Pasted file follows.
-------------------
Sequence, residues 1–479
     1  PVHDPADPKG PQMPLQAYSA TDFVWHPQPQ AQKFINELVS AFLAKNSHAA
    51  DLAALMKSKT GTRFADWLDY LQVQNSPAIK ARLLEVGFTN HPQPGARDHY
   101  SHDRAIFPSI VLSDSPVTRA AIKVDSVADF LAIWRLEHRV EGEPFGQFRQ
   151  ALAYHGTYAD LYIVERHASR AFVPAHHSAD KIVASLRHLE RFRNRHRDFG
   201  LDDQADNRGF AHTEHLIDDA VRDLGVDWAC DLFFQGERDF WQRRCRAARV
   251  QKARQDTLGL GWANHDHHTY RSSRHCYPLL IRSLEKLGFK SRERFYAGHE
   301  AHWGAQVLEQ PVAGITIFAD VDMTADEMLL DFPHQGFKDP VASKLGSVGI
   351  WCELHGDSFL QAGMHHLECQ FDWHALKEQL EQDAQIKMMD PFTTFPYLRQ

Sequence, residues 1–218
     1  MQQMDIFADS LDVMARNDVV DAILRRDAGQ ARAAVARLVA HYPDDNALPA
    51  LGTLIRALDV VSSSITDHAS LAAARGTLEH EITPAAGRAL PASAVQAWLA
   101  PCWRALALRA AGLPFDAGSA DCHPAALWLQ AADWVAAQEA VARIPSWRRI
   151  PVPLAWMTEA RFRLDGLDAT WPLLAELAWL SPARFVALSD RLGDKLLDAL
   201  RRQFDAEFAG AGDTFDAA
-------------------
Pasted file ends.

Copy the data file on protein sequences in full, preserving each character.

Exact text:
Sequence, residues 1–479
     1  PVHDPADPKG PQMPLQAYSA TDFVWHPQPQ AQKFINELVS AFLAKNSHAA
    51  DLAALMKSKT GTRFADWLDY LQVQNSPAIK ARLLEVGFTN HPQPGARDHY
   101  SHDRAIFPSI VLSDSPVTRA AIKVDSVADF LAIWRLEHRV EGEPFGQFRQ
   151  ALAYHGTYAD LYIVERHASR AFVPAHHSAD KIVASLRHLE RFRNRHRDFG
   201  LDDQADNRGF AHTEHLIDDA VRDLGVDWAC DLFFQGERDF WQRRCRAARV
   251  QKARQDTLGL GWANHDHHTY RSSRHCYPLL IRSLEKLGFK SRERFYAGHE
   301  AHWGAQVLEQ PVAGITIFAD VDMTADEMLL DFPHQGFKDP VASKLGSVGI
   351  WCELHGDSFL QAGMHHLECQ FDWHALKEQL EQDAQIKMMD PFTTFPYLRQ

Sequence, residues 1–218
     1  MQQMDIFADS LDVMARNDVV DAILRRDAGQ ARAAVARLVA HYPDDNALPA
    51  LGTLIRALDV VSSSITDHAS LAAARGTLEH EITPAAGRAL PASAVQAWLA
   101  PCWRALALRA AGLPFDAGSA DCHPAALWLQ AADWVAAQEA VARIPSWRRI
   151  PVPLAWMTEA RFRLDGLDAT WPLLAELAWL SPARFVALSD RLGDKLLDAL
   201  RRQFDAEFAG AGDTFDAA